Re-Open the Blocked Artery
Treating mesenteric artery disease in either a chronic or acute setting involves re-opening the blocked artery to allow enough blood from to reach your intestines so they can work properly. This must be done before permanent bowel damage occurs, so sometimes it is needed to be done on an emergency basis, particularly if it is deemed an acute case.
Angioplasty (with or without stenting)
In this procedure, your interventional cardiologist inflates a small balloon at the tip of a catheter inserted inside your narrowed mesenteric artery. When the balloon is inflated, it pushes the plaque to the sides of the artery, allowing an opening sufficient for blood to flow through. Your surgeon may insert a tiny wire mesh tube to help keep the artery open.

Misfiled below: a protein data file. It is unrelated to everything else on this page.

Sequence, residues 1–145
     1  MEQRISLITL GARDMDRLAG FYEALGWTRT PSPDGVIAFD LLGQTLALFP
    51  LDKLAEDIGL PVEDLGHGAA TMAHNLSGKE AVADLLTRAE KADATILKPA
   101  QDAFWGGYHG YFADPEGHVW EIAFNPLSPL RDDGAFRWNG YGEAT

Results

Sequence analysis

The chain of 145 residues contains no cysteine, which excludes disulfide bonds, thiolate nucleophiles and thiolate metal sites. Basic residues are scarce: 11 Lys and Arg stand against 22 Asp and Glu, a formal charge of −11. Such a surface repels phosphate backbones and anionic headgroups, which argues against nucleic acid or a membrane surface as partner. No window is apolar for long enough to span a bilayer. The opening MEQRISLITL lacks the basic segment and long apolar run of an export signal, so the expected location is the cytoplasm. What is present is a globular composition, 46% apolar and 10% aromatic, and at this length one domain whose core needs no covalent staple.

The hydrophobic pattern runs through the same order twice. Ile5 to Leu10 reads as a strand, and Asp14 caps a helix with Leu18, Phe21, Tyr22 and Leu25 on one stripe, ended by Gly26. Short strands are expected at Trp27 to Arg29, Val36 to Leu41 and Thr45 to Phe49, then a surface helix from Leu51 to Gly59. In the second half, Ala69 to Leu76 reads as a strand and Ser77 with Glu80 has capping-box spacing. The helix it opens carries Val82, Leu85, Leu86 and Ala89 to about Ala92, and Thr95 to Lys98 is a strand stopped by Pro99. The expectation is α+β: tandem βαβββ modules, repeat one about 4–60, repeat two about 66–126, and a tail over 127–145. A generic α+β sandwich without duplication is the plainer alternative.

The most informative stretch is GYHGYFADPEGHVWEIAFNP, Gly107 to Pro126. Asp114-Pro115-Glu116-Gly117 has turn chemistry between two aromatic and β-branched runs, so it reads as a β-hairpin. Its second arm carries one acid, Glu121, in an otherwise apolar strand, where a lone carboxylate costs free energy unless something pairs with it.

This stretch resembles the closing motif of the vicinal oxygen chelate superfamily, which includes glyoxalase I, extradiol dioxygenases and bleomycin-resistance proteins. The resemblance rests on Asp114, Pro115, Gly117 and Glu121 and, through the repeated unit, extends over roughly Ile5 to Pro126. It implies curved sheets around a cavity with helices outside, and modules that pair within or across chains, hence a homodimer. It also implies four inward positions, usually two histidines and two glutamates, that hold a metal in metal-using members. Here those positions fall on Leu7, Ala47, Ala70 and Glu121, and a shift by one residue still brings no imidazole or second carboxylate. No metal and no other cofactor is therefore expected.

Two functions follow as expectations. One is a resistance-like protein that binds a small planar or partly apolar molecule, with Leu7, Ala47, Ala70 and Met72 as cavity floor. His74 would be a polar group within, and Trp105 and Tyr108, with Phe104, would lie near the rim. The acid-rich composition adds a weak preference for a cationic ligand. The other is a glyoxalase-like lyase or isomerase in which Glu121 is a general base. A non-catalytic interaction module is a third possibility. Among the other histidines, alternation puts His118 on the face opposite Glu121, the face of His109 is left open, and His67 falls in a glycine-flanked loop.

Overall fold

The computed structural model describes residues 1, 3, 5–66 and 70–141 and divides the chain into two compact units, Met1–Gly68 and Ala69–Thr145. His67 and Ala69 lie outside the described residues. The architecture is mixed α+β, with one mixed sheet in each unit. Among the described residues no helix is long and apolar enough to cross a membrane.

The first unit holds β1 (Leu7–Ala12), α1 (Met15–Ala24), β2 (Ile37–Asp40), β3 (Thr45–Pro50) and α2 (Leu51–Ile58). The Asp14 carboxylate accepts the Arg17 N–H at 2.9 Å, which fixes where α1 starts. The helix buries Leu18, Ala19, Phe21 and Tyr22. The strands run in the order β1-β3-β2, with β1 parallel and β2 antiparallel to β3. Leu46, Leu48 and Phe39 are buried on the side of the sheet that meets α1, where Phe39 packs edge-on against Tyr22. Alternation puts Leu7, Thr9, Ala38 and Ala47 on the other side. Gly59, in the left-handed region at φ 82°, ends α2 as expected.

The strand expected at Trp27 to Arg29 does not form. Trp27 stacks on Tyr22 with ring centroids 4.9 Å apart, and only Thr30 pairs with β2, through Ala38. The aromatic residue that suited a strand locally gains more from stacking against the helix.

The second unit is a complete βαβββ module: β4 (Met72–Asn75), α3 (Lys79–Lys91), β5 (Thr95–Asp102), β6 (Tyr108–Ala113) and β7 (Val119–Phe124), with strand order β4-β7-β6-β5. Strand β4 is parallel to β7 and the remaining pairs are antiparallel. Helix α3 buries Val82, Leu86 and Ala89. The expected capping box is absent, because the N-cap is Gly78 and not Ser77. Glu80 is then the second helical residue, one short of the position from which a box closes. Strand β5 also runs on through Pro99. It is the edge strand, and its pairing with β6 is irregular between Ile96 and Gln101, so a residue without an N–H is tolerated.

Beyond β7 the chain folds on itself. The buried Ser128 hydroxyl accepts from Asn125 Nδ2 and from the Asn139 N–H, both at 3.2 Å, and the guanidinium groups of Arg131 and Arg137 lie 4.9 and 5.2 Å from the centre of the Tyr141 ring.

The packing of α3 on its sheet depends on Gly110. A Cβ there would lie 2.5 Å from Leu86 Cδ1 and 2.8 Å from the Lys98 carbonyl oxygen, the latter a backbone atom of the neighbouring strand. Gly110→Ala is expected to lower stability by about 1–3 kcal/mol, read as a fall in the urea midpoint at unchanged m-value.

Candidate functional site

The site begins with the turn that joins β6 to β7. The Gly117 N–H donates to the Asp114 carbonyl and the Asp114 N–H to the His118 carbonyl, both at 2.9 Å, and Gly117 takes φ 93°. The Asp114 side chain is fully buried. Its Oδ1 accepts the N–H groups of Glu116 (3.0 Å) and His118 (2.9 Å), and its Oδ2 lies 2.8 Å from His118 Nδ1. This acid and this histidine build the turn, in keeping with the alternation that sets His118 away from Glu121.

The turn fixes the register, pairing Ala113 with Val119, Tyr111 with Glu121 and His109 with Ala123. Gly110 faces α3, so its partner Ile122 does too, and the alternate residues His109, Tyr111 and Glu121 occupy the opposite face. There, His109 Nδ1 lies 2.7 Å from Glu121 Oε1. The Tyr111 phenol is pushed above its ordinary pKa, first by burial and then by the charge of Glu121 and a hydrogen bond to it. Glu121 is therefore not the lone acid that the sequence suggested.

Your surgeon makes an incision in your abdomen and then removes the plaque contained in the inner lining of the blocked artery.
Your surgeon creates a bypass or detour artery to go around the blocked section of artery. Your surgeon can use one of your own veins or create a vessel made of man-made materials. The bypass is surgically attached above and below the blocked area.